General anesthesia is a controlled state of unconsciousness that eliminates awareness, movement, and discomfort during dental treatment. A physician or dentist with specialized training can use various medications to provide general anesthesia for patients receiving dental care.
This procedure is recommended for very young children or patients that have difficulty cooperating with treatment in the office; an inhalation anesthetic is administered by a medical anesthesiologist in a surgery center or operating room environment and during this procedure all dental treatment, x-rays, and cleanings are provided.
Is general anesthesia safe for my child?
Although there is some risk associated with general anesthesia, it can be used safely and effectively when administered by an appropriately-trained individual in an appropriately-equipped facility. Precautions are taken to protect your child during general anesthesia; personnel who are trained to manage complications will monitor your child closely. Your pediatric dentist will discuss the benefits and risks of general anesthesia and why it is recommended for your child.
Will my child receive general anesthesia for dental treatment?
General anesthesia may be indicated for children with extensive dental needs who are extremely uncooperative, fearful, anxious, or for the very young who do not understand how to cope in a cooperative fashion. General anesthesia also can be helpful for children requiring significant surgical procedures or patients having special health care needs.
Check Ups and Exams
Dr. Thiel will review your child’s medical and dental history. He will then gently examine your child’s teeth, oral tissues, and jaws. The teeth will be cleaned and polished, followed by the application of a fluoride solution. At Thiel Pediatric Dentistry, we won’t talk just to you about dental health, we will also talk to your child with easily understandable words, pictures, and ideas. Your child will be motivated to take responsibility for healthy smile.
Why visit twice a year when my child has never had a cavity?
Regular dental visits help your child stay cavity-free. Teeth cleanings remove debris that build up on the teeth, irritate the gums, and cause decay. Fluoride treatments renew the fluoride content in the enamel, strengthening teeth and preventing cavities. Hygiene instructions improve your child’s brushing and flossing, leading to cleaner teeth and healthier gums.
Tooth decay isn’t the only reason for a dental visit. Dr. Thiel will provide an ongoing assessment of changes in your child’s oral health. For example, your child may need additional fluoride, dietary changes, or sealants for ideal dental health. We may also identify orthodontic problems and suggest treatment to guide the teeth as they emerge in the mouth.
How often should my child visit the dentist?
The American Academy of Pediatric Dentistry recommends a dental check-up at least twice a year for most children. Some children need more frequent dental visits because of increased risk of tooth decay, unusual growth patterns, or poor oral hygiene. Dr. Thiel will let you know the best appointment schedule for your child.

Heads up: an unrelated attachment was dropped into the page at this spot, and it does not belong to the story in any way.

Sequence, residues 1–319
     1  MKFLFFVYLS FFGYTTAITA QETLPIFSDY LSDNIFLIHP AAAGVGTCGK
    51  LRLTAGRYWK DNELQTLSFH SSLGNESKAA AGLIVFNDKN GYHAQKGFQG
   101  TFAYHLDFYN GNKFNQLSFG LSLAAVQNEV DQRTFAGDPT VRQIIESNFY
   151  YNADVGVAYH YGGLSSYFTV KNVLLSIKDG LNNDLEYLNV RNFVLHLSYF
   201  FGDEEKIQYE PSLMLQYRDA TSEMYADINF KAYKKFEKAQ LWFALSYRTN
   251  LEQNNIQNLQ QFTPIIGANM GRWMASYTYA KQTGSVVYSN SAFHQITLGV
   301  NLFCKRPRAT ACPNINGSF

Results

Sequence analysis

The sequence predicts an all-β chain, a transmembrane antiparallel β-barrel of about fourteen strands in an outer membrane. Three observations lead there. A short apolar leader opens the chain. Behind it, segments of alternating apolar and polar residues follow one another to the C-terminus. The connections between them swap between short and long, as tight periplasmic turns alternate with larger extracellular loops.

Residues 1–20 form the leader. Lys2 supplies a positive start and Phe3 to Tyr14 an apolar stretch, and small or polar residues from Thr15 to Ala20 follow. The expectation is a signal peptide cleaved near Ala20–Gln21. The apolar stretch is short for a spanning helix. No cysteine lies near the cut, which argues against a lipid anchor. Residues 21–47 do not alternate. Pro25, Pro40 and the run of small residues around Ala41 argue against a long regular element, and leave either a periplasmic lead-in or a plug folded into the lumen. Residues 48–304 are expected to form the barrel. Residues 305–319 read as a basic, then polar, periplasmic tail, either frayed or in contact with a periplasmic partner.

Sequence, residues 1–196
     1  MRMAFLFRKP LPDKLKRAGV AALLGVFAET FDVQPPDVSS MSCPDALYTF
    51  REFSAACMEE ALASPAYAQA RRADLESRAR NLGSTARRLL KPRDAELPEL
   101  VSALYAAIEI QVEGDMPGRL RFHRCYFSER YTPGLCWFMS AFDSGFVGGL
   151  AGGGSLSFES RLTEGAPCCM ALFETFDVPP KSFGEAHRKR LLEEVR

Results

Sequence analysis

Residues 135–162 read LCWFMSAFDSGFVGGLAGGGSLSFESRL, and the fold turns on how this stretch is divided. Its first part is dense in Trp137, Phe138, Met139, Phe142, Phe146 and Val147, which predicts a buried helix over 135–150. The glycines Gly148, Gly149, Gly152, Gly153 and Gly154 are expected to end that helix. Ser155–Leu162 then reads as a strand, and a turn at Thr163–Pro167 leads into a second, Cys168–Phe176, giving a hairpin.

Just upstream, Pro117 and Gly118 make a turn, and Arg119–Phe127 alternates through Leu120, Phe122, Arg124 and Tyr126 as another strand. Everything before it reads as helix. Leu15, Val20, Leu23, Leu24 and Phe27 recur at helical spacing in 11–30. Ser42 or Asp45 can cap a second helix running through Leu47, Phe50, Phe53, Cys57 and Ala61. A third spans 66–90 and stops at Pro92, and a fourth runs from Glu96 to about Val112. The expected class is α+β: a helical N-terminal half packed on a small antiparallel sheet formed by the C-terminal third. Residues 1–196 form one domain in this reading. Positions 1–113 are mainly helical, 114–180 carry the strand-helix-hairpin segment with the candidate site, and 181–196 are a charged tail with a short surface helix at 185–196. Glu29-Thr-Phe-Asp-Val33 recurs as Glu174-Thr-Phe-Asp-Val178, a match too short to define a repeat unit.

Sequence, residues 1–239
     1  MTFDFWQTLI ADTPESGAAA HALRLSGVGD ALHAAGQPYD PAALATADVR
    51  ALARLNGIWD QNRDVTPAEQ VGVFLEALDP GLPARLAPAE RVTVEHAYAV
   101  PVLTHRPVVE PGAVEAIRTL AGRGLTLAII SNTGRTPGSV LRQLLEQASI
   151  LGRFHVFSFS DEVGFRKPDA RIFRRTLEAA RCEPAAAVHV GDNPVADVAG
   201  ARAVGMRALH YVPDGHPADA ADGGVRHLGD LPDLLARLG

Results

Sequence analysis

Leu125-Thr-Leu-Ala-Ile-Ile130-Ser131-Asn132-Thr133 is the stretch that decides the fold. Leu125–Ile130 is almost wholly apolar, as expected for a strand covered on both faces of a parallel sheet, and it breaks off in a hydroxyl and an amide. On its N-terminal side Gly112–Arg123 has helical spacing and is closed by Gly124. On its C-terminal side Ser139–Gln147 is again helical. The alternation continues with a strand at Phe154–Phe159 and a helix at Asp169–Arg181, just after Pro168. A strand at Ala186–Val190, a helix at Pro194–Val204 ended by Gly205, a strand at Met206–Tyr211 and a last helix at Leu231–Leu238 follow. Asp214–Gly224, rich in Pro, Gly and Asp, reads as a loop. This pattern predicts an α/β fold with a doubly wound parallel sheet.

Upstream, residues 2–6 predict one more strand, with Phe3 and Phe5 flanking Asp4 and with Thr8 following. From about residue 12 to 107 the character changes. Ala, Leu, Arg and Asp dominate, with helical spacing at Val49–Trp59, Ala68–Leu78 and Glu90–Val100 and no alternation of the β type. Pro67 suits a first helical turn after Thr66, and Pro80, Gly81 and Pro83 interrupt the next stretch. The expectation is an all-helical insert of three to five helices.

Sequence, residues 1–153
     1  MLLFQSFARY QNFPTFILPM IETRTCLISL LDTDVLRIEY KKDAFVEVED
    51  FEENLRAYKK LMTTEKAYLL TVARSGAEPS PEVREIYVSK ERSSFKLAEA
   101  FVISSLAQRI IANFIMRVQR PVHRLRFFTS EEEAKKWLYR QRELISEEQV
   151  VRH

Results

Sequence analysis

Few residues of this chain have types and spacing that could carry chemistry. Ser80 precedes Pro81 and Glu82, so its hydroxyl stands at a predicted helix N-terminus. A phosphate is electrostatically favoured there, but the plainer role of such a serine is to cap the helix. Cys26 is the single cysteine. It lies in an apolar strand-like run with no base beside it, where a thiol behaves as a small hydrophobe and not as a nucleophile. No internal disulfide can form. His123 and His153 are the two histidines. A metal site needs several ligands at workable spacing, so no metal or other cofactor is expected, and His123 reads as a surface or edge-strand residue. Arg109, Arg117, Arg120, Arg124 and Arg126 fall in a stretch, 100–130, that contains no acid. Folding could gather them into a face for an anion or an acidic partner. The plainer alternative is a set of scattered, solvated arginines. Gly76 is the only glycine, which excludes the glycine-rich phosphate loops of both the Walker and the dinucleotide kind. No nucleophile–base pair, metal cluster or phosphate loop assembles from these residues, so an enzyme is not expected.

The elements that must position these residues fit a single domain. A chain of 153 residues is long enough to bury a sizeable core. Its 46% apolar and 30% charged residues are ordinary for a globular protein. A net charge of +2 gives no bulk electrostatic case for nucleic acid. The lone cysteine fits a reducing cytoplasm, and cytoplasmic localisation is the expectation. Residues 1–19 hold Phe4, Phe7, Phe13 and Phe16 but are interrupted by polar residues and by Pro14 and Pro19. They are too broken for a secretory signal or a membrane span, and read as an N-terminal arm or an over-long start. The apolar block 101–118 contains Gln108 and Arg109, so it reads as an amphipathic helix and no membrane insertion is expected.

Sedation is a technique to guide a child’s behavior during dental treatment. Medications are used to help increase cooperation and to reduce anxiety or discomfort associated with dental procedures. Sedative medications cause most children to become relaxed and drowsy. Unlike general anesthesia, sedation is not intended to make a patient unconscious or unresponsive.
Are there any instructions to follow after the sedation appointment?
Dr. Thiel will evaluate your child’s health status and discharge your child when he or she is responsive, stable, and ready to go. Children recover from the effects of sedatives at different rates so be prepared to remain at the office until the after-effects are minimal. Once home, your child must remain under adult supervision until fully recovered from the effects of the sedation. We will discuss specific post-sedation instructions with you, including appropriate diet and physical activity.
Are there any instructions to follow before a sedation appointment?
Children often perceive a parent’s anxiety which makes them more fearful. They tolerate procedures best when their parents understand what to expect and prepare them for the experience. If you have any questions about the sedation process, please ask. As you become more confident, so will your child.
Should your child become ill, contact us to see if it is necessary to postpone the appointment. Be sure to inform us about any prescribed, over-the-counter, or herbal medications your child is taking. Check with your Dr. Thiel to see if routine medications should be taken the day of the sedation.
We will provide you with additional detailed instructions before your sedation visit. It is very important to follow the directions regarding fasting from fluids and foods prior to the sedation appointment.
Should my child be sedated for dental treatment?
Not necessarily. Sedation may be indicated for children who have a level of anxiety that prevents good coping skills, those who are very young and do not understand how to cope in a cooperative fashion, or those requiring extensive dental treatment. Sedation can also be helpful for some patients who have special needs.